CMO Insights: Ken Robinson, Chief Marketing Officer, ProSites

June 13, 2017

This week’s guest on CMO Insights is Ken Robinson, Chief Marketing Officer for ProSites.

In this video, Ken discusses:

  • How marketing as a department has changes dramatically to become a revenue-focused, metrics-driven part of the organization
  • The two main benchmarks he focuses on to drive this revenue mindset every day
  • Why he seeks out process driven talent and why process is critical to his marketing team.

Learn more about Ken from his LinkedIn profile and follow ProSites on Twitter.

For more great CMO interviews like this one, please check out our CMO Insights Playlist on our YouTube channel.

Full Transcript

Jeff Pedowitz:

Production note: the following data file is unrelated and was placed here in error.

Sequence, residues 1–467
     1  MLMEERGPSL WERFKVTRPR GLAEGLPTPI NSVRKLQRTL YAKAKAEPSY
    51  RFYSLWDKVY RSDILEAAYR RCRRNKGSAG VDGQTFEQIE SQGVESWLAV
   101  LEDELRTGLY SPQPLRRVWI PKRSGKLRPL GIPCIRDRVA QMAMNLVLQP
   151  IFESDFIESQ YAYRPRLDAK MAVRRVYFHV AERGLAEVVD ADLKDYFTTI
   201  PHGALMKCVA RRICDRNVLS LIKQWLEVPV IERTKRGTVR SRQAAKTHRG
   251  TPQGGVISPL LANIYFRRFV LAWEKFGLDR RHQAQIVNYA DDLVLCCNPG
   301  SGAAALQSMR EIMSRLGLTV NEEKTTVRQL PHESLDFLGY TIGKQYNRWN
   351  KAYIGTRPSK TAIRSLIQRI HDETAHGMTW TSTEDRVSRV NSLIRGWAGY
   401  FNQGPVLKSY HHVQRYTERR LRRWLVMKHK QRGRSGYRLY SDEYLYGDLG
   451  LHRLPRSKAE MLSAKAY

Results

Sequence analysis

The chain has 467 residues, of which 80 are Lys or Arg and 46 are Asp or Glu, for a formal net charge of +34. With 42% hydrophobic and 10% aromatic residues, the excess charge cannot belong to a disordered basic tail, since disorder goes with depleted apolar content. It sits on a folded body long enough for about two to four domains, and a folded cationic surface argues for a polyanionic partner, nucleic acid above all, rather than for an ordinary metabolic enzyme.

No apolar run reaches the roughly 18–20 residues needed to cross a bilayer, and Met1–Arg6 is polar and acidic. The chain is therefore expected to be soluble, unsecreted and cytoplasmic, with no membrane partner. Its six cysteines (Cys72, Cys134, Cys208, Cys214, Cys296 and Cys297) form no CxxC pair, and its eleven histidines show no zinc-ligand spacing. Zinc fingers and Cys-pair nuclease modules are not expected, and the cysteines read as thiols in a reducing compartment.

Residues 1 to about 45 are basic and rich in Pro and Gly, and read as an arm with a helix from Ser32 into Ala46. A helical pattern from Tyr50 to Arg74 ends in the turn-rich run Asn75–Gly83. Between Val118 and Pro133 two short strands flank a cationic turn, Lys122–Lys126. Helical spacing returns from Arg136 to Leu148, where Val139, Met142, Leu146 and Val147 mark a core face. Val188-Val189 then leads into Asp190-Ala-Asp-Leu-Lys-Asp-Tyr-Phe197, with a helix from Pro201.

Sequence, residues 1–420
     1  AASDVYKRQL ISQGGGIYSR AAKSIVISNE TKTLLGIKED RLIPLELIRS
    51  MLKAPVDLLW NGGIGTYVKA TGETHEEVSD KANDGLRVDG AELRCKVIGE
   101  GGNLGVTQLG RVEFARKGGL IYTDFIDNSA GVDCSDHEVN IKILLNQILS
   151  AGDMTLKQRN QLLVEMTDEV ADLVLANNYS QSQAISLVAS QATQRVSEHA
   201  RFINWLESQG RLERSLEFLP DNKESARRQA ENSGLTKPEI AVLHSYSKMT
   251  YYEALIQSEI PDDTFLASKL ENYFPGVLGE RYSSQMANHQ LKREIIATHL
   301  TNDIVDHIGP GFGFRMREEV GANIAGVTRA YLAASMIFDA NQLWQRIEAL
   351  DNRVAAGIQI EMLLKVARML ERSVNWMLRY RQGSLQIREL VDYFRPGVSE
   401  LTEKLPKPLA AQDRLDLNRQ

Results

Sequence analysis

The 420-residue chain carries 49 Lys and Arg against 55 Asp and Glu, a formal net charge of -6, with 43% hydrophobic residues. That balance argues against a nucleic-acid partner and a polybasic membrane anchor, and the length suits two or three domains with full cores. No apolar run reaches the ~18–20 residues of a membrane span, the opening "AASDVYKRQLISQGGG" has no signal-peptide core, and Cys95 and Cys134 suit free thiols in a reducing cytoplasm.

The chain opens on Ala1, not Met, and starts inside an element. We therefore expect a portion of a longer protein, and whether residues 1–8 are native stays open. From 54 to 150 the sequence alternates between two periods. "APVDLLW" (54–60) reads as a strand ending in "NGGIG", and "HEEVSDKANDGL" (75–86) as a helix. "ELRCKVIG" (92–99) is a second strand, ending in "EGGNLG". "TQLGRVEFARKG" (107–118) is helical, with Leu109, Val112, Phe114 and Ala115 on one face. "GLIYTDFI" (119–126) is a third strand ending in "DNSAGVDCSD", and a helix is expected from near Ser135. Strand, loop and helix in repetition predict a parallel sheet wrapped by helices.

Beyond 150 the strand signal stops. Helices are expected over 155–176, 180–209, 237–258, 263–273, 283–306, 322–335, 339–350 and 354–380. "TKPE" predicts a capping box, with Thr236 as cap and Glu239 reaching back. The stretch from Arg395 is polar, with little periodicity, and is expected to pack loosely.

Good afternoon, and welcome to Revenue Marketing Television. I’m your host, Jeff Pedowitz. This is the CMO Insights Series, and today we have as our guest Ken Robinson, Chief Marketing Officer of ProSites. Ken, welcome to the show.

Ken Robinson:

Great. Thanks so much Jeff, pleasure to be here.

Jeff Pedowitz:

Thanks. So I’ve had a chance to work with you over the years and a couple of different opportunities. Tell me, tell me a little bit about site and some of the, any challenges that you’re facing there?

Ken Robinson:

Yeah, ProSites is actually, it’s an interesting business on the surface of what we do is we develop a website designs or offer website design, and then online marketing services, you know, and our target audience is professional services and more specifically it’s people in the medical dental veterinarian, and then also in the financial services space. And so as you can imagine, it’s people that are doing your taxes or cleaning your teeth, and that’s their area of expertise, a website design and online marketing, whether it’s paid search or SEO or social media engagement, really didn’t go to school for that.